SHULKIN: Well, I think this is a decision that a doctor has to make with their patient. And I am surprised at this recommendation, particularly because the FDA has come out and recommended that there be extreme caution in giving this drug and this is an off-use indication for the drug. So I'm surprised that happened.

But that happens between the individual patient and physician, that's not the issue I'm concerned about. I'm concerned about the way that this is publicly being discussed and that other Americans may believe that this is now safe to do, and this clearly is not safe.

We also had the V.A. secretary talking about this is being done in the military. They're taking Hydroxychloroquine. But what Americans need understand that's needed to prevent malaria, where there's evidence that's preventing malaria in young healthy adults going into the military, which is very different than many people today who are out there concerned about getting COVID-19.

KEILAR: And, look, I'm a military spouse. I know a lot of people who have taken that drug, and it is not -- they will tell you, it's not a drug to take lightly. They certainly didn't enjoy being on it.

I wonder, and I think this is important, as you make this case to Americans not to follow the president's example.

This appears to be very patient-driven from the president to take this medication. So, you know, normally, if you press your doctor for something and they really think it's not a good idea for you to take something, they're not going to prescribe it.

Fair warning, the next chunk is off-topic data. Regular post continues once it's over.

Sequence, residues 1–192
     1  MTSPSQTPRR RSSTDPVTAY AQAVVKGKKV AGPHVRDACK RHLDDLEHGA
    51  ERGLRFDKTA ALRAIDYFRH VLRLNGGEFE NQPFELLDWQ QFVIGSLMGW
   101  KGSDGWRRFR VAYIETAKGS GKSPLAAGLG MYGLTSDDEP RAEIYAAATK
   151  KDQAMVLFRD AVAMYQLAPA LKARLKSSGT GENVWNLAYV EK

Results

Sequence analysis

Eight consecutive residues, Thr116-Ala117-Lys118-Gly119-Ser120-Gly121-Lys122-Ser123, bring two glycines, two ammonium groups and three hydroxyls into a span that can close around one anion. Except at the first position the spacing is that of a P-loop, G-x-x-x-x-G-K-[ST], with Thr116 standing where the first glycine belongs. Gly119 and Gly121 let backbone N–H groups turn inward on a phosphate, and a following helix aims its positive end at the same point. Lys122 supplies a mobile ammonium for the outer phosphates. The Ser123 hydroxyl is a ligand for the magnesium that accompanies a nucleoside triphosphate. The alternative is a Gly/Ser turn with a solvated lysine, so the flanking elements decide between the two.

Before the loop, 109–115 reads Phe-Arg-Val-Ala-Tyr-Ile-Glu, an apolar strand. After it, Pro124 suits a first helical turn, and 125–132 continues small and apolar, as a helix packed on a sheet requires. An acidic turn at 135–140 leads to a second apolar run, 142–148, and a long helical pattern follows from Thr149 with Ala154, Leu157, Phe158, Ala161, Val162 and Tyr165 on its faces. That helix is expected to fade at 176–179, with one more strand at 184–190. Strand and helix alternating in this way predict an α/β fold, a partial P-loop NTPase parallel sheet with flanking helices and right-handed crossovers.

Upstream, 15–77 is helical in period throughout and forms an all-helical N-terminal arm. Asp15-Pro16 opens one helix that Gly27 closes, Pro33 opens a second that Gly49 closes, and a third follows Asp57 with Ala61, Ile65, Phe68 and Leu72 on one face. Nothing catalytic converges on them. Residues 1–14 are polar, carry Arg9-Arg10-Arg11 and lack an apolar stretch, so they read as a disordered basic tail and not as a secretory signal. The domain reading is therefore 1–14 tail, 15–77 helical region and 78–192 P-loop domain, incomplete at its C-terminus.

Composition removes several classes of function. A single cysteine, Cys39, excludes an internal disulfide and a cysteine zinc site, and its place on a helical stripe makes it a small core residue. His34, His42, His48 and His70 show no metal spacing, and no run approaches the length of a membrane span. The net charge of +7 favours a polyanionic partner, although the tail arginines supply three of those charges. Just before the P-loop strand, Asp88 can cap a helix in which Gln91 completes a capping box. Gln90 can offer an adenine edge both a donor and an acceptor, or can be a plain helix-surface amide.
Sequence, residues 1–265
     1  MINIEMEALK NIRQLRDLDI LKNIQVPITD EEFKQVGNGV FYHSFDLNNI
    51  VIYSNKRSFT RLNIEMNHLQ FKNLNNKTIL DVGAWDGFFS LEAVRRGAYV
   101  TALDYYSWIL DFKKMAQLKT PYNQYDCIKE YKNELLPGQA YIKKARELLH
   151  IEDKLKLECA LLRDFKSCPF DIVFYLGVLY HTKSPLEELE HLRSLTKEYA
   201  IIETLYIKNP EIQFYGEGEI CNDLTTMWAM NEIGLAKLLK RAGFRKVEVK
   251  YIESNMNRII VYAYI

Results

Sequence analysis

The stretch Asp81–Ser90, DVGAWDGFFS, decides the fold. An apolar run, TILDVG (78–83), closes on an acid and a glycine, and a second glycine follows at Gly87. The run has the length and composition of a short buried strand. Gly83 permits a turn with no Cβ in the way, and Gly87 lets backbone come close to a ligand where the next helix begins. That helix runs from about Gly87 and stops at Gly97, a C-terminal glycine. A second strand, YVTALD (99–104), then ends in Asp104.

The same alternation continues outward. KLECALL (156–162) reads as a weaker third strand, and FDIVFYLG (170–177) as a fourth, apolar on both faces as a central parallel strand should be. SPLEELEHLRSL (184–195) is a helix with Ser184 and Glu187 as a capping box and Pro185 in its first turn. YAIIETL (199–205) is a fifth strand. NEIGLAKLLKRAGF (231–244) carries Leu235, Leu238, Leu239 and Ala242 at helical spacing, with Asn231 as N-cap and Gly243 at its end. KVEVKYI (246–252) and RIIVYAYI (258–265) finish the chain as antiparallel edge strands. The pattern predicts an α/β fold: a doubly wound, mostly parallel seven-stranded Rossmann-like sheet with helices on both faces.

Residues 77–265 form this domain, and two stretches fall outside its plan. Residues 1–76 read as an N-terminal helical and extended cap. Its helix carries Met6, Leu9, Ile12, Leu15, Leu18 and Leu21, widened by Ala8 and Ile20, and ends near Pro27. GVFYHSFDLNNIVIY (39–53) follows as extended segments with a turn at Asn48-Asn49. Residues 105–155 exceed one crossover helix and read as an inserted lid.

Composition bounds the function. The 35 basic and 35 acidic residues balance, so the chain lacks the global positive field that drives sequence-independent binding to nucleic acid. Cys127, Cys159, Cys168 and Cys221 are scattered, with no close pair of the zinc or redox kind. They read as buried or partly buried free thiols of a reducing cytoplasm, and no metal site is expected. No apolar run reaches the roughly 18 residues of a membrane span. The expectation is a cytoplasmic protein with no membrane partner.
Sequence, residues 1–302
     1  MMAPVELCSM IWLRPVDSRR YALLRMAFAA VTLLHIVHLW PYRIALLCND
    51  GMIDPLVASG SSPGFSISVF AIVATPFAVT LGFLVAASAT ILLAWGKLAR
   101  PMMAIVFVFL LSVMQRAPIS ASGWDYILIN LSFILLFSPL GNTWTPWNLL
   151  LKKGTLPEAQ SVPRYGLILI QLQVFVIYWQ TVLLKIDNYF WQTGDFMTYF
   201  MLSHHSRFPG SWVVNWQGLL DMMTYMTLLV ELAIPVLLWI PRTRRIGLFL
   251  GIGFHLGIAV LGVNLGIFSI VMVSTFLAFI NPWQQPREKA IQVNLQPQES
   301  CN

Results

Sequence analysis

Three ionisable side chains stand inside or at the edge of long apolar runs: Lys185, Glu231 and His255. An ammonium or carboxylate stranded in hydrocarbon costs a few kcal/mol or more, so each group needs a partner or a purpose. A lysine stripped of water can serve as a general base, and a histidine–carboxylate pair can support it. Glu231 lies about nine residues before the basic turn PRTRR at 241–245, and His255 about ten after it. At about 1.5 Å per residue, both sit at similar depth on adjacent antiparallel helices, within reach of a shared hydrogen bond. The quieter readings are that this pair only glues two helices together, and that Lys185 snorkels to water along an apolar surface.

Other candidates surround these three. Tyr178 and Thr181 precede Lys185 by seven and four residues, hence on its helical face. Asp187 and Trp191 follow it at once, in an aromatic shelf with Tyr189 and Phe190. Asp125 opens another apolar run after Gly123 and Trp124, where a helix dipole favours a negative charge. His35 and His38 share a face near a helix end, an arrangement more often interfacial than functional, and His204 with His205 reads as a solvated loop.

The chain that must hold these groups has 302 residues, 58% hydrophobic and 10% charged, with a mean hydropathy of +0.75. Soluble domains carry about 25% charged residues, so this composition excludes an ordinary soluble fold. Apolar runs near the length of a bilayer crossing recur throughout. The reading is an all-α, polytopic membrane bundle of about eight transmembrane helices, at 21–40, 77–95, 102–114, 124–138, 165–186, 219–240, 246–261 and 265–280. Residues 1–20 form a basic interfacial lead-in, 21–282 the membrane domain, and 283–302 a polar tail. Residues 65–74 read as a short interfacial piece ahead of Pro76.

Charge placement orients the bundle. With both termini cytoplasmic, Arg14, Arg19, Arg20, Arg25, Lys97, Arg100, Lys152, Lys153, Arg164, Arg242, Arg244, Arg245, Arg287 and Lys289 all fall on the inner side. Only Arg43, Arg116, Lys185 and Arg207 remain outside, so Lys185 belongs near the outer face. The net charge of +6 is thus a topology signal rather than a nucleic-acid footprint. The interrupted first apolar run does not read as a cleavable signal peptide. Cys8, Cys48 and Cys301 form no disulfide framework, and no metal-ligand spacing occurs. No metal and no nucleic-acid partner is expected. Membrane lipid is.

But if you're the president and you say to your doctor, I really want to take this, how does that play out?

SHULKIN: As a physician, we all take an oath not to do harm. That's our primary goal here.

And what a physician needs to do is to share with their patient what they know does work. And what we know does work in preventing and making sure people don't get COVID-19 is good hygiene, the use of masks when you go out. Social distancing and being very cautious with, you know, being able to avoid getting the virus in the first place.

And so, taking drugs that have not shown any effectiveness to work and have potential harm, as it is in the case of Hydroxychloroquine, just simply isn't good medical advice.

KEILAR: As a former V.A. secretary, are you confident that the veteran community is being cared for as it should be during this COVID crisis?

SHULKIN: Well, I think I, like everybody who works in the Department of Veterans Affairs and every American, wants to make sure our veterans are protected. Particularly, coming up on Memorial Day, Brianna.


I think we all have to remember the debt we owe these great Americans who have sacrificed for our country.

But, you know, there are 20 million veterans in this country and the Department of Veterans Affairs is reporting there are a thousand deaths.

My concern is there's many more veterans suffering, many more that need help than that. That's a dramatic undercounting of the impact of this pandemic on our veterans in this country.

And we have to make sure that we're looking out and protecting all of our veterans in this county.

KEILAR: Dr. Shulkin, thank you for joining us. As we do approach Memorial Day, I think that's a very important reminder.

SHULKIN: Thank you.

KEILAR: More on our breaking news. CNN courses say the fate of the CDC director in question as tensions escalate with the White House.

Plus, a new study shows early success in six experimental vaccines after tests in monkeys.

Plus, as all states reopen in some capacity, see how far the virus germs travel during a restaurant experiment. You'll want to see this.